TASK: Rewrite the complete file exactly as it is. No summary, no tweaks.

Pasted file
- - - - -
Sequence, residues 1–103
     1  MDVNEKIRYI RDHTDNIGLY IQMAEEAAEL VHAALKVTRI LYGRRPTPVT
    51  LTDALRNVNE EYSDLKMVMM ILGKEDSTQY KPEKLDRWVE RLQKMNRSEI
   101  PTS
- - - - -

Sequence, residues 1–103
     1  MDVNEKIRYI RDHTDNIGLY IQMAEEAAEL VHAALKVTRI LYGRRPTPVT
    51  LTDALRNVNE EYSDLKMVMM ILGKEDSTQY KPEKLDRWVE RLQKMNRSEI
   101  PTS